Laquan McDonald is Being Tried for His Own Racist Murder
Brad Evans
What Does It Mean to Celebrate International Peace Day?
Nick Pemberton
With or Without Kavanaugh, The United States Is Anti-Choice
Jim Kavanagh
“Taxpayer Money” Threatens Medicare-for-All (And Every Other Social Program)
Jonathan Cook
Palestine: The Testbed for Trump’s Plan to Tear up the Rules-Based International Order
Jeffrey St. Clair
Roaming Charges: the Chickenhawks Have Finally Come Back Home to Roost!
David Rosen
As the Capitalist World Turns: From Empire to Imperialism to Globalization?
Jonah Raskin
Green Capitalism Rears Its Head at Global Climate Action Summit
James Munson
On Climate, the Centrists are the Deplorables
Robert Hunziker
Is Paris 2015 Already Underwater?
Arshad Khan
Will Their Ever be Justice for Rohingya Muslims?
Jill Richardson
Why Women Don’t Report Sexual Assault
Dave Clennon
A Victory for Historical Accuracy and the Peace Movement: Not One Emmy for Ken Burns and “The Vietnam War”
W. T. Whitney
US Harasses Cuba Amid Mysterious Circumstances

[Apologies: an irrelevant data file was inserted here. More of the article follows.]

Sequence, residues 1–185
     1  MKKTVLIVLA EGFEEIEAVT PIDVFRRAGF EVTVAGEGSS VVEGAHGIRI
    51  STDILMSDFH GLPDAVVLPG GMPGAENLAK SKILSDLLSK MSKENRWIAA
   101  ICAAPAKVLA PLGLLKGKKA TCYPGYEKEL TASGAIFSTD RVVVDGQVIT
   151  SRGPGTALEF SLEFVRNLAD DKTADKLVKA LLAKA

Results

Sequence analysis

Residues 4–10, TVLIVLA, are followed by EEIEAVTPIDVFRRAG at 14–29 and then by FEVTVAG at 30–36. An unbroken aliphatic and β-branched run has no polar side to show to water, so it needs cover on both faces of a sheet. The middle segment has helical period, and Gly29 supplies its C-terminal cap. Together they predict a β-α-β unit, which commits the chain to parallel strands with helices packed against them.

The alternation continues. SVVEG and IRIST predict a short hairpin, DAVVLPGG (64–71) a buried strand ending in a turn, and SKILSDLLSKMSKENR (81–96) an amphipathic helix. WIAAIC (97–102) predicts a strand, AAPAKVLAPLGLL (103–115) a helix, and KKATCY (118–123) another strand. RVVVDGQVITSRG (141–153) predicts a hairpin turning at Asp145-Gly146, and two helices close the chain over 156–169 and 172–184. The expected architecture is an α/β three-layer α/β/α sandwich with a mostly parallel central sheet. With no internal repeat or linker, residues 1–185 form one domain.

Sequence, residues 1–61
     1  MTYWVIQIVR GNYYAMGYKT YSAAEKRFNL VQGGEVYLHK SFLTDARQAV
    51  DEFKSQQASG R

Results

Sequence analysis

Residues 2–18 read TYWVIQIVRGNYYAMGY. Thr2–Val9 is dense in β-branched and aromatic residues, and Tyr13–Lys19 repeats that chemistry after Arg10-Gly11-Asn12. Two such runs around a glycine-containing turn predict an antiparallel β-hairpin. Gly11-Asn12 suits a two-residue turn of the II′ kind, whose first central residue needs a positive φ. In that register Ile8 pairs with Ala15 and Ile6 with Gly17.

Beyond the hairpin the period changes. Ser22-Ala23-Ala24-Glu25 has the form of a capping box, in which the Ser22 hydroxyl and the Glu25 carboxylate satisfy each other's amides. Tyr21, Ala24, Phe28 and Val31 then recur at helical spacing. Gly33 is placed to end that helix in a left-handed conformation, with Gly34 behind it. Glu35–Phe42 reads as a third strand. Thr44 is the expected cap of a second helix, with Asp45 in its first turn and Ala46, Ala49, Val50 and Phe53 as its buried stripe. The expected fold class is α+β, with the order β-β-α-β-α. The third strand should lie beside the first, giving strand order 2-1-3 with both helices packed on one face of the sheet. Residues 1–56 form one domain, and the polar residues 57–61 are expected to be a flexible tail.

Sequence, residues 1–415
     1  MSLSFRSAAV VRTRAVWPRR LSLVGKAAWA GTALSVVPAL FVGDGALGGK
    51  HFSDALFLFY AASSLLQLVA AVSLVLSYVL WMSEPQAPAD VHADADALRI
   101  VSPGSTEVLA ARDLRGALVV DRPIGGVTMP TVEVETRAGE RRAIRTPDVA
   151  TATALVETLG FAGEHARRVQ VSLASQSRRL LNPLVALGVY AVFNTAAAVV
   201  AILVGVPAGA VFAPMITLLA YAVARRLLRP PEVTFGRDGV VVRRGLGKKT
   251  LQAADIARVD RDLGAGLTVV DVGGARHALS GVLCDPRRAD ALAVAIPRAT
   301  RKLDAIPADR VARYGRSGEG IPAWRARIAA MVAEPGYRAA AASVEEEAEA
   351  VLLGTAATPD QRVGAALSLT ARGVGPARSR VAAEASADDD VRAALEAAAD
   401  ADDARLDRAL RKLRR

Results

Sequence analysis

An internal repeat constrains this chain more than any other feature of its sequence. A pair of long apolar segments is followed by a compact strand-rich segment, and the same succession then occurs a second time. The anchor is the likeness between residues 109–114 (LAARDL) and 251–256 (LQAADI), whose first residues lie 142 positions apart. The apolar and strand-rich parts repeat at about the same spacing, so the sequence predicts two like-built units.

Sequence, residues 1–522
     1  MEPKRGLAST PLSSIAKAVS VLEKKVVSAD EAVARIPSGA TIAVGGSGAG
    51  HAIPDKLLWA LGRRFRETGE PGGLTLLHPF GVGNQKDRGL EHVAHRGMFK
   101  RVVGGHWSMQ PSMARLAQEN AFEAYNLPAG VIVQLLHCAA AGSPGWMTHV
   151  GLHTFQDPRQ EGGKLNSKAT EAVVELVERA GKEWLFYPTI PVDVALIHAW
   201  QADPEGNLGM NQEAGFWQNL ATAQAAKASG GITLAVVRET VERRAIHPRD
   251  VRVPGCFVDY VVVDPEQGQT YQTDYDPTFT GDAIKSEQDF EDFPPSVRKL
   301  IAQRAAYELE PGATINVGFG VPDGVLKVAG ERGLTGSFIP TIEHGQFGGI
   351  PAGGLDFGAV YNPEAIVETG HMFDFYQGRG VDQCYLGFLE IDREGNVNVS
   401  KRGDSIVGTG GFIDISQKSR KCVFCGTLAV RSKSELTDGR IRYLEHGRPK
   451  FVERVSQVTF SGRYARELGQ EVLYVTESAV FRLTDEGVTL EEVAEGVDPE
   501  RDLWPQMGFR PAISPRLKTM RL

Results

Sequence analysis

Nathan Kalman-Lamb
Things That Make Sports Fans Uncomfortable
George Capaccio
Iran: “Snapping Back” Sanctions and the Threat of War
Kenneth Surin
Brexit is Coming, But Which Will It Be?
Louis Proyect
Moore’s “Fahrenheit 11/9”: Entertaining Film, Crappy Politics
Ramzy Baroud
Why Israel Demolishes: Khan Al-Ahmar as Representation of Greater Genocide
Ben Dangl
The Zapatistas’ Dignified Rage: Revolutionary Theories and Anticapitalist Dreams of Subcommandante Marcos
Ron Jacobs
Faith, Madness, or Death
Bill Glahn
Crime Comes Knocking
Terry Heaton
Pat Robertson’s Hurricane “Miracle”
Dave Lindorff
In Montgomery County PA, It’s Often a Jury of White People
Louis Yako
From Citizens to Customers: the Corporate Customer Service Culture in America 
William Boardman
The Shame of Dianne Feinstein, the Courage of Christine Blasey Ford 
Ernie Niemi
Logging and Climate Change: Oregon is Appalachia and Timber is Our Coal
Jessicah Pierre
Nike Says “Believe in Something,” But Can It Sacrifice Something, Too?
Paul Fitzgerald - Elizabeth Gould
Weaponized Dreams? The Curious Case of Robert Moss
Olivia Alperstein
An Environmental 9/11: the EPA’s Gutting of Methane Regulations
FacebookTwitterGoogle+RedditEmail